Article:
Auto insurance quotes and the league table of ratesDuring WWII, Washington lawmakers were sometimes persuaded to pass laws that, by modern standards, seem strange. Take the McCarran-Ferguson Act as an example. When Washington should have been protecting the ideals of capitalism and enforcing the principle of free markets, the lawmakers decided to create state-by-state monopolies for the insurance industry. Here’s what they did. If you want a book today, you can buy discounted books from a major internet retailer. Even when you add in the shipping, it can still be cheaper than buying at your neighborhood bookstore. But if you want to buy an insurance policy, you can only do so from an insurance company registered in your state. No company can sell a policy across state lines. The result is a lack of real competition. The insurance companies pick and choose where to set up, aiming to keep the number of companies low in each state. This allows them to parallel each others’ prices and maintain their profitability. Now you’re all saying this is not significant. Except the difference in premium rates between states can be great.
Let’s start at the bottom of the league table with a low-population state like Maine. In a recent survey, researchers got quotes for a “standard” man for all the major makes and models of vehicles. He was aged 40, drove an average distance to and from work, and accepted a $500 deductible. Averaging out the quotes allowed our average man to buy a policy for less than $1,000 per year in low-population and/or rural states. Why so low? When you only have a small number of drivers, even at peak commuting times, the risk of accidents is low. Indeed, the drivers in some of these states take a real pride in their skills and the statistics show significantly lower rates of claim for damage or injury. Now switch to a state with large population centers and heavy commuting traffic at peak times. Here the risk of accidents is far higher. Worse, because the standard of living is often higher, people are likely to be driving more expensive vehicles which cost more to repair. So our same standard man will be paying about $2,500 in Michigan.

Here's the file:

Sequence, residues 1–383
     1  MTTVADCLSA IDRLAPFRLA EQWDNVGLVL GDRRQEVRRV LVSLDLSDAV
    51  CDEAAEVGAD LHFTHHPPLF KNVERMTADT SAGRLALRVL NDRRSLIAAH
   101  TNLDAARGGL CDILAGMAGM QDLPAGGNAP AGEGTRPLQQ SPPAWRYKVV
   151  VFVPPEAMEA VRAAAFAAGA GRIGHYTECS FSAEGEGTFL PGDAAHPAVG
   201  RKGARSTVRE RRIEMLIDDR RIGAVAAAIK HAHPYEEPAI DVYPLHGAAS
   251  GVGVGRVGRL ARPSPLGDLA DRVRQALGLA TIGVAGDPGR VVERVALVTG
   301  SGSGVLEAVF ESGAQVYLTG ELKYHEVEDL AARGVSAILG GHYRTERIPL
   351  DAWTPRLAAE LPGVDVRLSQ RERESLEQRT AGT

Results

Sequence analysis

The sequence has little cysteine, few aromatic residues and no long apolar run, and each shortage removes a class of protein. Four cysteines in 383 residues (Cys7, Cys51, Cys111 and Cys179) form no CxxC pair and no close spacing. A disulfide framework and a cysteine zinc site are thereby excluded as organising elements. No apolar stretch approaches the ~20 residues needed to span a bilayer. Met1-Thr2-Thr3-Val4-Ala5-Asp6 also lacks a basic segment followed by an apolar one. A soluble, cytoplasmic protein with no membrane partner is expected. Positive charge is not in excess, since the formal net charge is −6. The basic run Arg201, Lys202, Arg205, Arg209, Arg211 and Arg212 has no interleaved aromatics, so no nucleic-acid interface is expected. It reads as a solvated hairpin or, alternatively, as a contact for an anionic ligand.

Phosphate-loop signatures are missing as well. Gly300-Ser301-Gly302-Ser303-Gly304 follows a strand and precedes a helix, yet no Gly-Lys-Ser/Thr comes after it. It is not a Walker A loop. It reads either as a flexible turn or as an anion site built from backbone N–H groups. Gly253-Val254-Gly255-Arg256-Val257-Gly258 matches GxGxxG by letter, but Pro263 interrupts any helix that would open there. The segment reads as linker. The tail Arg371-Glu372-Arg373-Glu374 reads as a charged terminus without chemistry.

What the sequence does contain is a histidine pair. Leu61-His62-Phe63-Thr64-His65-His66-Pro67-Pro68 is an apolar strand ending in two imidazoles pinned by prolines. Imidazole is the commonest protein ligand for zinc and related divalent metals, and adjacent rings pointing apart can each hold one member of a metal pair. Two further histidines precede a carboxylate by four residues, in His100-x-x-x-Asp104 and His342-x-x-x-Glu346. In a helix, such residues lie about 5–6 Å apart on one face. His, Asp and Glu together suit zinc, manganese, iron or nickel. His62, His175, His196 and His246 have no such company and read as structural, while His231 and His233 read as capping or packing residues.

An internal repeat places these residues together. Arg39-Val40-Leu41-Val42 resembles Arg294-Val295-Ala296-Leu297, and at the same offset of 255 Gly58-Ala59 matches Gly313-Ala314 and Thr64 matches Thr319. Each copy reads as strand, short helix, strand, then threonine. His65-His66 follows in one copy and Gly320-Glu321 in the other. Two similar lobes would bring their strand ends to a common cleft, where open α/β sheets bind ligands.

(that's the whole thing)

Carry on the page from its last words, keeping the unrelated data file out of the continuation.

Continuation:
There are also local factors that force up premium rates. This can be high levels of fraud, as in the no-fault states, or court rules that encourage more generous settlements, as in Louisiana. This means the accident of where you are born can place you in a state with very high premium rates — hardly the most fair system. What should happen is that federal insurers should offer policies for sale across state lines. This will even out the premium rates with the drivers in the low-population states subsidizing the driver in other states. Although a small number of drivers will end up paying more, the majority will pay less. Unfortunately, reform is unlikely in the immediate future so you should shop around and get as many auto insurance quotes as possible to find the policy offering you the best value. Meanwhile, start writing your elected representatives and start a political campaign. Just relying on the auto insurance quotes from your home markets is not a good defense against exploitation.
Here's the easy way to get the most competitive auto insurance quotes:
Select your state of residence.
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